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I bet there are charter fishing boats near you. They won't be trawlers, but slow speed handling will be similar. Just talk to the Captain, tell him you'll pay his usual rate if he will teach you how to handle a twin engine boat. Maybe spend a half day backing the boat into the slip and a half day fishing.
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Old 06-11-2017, 08:27 AM   #12
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I appreciate the confidence in my skills, but I only got them through training and practice. I think it's time to charter a fishing boat as suggested, thanks all!
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Old 06-11-2017, 08:52 AM   #13
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bridaus,
For a bunch of the basics, regs, nav, maintenance, etc. you can do that online and have a head start on a bunch of knowledge, which wouldn't hurt.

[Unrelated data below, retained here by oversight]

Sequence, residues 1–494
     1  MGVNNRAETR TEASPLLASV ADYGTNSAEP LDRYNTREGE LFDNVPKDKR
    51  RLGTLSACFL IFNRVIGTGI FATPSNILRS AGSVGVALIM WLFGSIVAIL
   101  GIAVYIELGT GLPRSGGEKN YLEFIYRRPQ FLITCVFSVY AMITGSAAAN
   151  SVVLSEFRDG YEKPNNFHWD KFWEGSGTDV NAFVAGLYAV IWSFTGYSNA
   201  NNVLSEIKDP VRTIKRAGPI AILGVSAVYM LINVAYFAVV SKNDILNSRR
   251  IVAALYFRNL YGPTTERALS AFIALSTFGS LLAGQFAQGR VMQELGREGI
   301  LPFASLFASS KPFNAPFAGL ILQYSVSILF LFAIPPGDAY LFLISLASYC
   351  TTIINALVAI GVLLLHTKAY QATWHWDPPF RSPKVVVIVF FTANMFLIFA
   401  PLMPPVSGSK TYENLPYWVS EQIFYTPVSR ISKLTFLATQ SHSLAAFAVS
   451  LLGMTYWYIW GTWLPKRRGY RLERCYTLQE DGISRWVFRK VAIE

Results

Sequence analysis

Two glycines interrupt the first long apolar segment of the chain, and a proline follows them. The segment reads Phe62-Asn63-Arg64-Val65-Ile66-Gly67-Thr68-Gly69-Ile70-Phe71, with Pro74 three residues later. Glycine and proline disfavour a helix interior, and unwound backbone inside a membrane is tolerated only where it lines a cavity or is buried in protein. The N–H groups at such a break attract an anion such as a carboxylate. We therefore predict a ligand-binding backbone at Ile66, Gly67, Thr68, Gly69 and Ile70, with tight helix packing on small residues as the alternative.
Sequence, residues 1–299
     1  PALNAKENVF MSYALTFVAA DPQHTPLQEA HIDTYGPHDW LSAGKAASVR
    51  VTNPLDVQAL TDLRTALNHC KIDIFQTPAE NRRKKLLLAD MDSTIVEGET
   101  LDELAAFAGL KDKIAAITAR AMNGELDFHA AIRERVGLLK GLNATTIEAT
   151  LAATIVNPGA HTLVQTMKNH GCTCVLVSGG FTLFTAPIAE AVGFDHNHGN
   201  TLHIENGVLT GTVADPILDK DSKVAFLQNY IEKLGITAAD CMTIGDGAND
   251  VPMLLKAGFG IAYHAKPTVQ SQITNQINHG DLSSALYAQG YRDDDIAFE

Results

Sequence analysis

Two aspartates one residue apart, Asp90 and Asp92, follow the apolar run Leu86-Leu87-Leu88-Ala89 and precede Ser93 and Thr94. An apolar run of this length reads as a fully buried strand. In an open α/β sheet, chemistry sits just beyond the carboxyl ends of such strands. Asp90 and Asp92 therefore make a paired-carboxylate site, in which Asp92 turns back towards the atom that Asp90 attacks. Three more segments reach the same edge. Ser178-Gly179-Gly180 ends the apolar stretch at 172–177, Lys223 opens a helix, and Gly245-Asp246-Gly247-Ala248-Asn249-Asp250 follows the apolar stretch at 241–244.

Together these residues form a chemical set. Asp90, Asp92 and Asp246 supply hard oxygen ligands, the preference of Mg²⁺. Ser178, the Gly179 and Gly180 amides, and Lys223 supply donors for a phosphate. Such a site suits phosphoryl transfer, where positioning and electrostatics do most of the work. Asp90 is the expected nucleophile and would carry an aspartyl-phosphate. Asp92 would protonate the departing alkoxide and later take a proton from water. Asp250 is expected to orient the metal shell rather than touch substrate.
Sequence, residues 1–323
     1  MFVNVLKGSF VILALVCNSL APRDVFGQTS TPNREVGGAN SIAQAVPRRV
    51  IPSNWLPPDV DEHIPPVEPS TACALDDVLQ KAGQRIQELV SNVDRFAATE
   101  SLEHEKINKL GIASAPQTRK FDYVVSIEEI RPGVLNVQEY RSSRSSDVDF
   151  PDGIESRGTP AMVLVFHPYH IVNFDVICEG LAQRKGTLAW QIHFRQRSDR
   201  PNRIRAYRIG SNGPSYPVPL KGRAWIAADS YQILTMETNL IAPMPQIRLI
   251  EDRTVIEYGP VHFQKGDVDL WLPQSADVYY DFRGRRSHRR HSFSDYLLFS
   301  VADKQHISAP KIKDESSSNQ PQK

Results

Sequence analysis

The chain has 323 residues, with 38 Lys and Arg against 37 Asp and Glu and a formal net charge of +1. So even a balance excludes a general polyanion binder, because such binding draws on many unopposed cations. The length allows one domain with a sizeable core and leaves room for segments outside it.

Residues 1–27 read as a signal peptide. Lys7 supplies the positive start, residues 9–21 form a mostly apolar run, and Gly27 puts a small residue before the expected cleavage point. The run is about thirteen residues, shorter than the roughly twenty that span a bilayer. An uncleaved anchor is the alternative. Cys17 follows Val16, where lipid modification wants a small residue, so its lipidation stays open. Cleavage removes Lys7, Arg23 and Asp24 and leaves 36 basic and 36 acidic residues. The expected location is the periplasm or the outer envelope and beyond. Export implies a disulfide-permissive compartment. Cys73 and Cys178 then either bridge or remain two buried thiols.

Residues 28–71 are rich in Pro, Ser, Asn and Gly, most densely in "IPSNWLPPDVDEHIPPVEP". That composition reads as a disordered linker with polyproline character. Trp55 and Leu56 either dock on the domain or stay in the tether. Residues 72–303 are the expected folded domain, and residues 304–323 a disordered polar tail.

Being a pilot you probably have a good idea of training structure and will find similarities. The weather knowledge is excellent for boating. But a bit different motions and fluids. I find boating much more challenging, especially docking in a tight or windy area.

However, it's a bit more challenging in a plane with an engine failure.
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Old 06-11-2017, 08:56 AM   #14
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However, it's a bit more challenging in a plane with an engine failure.
Oh good! Another way for us to argue single vs twin!

Oddly enough, I never flew a twin engine plane and never handled a twin engine boat. I guess it is due to my sole pursuit of the singular purpose to eschew redundancy.
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Old 06-11-2017, 09:15 AM   #15
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However, it's a bit more challenging in a plane with an engine failure.
Actually if you think about it, it's a lot easier to land an airplane without a turning propeller than a power boat without a turning propeller.

Of course in the airplane you can't just drop the anchor and call Sky Tow.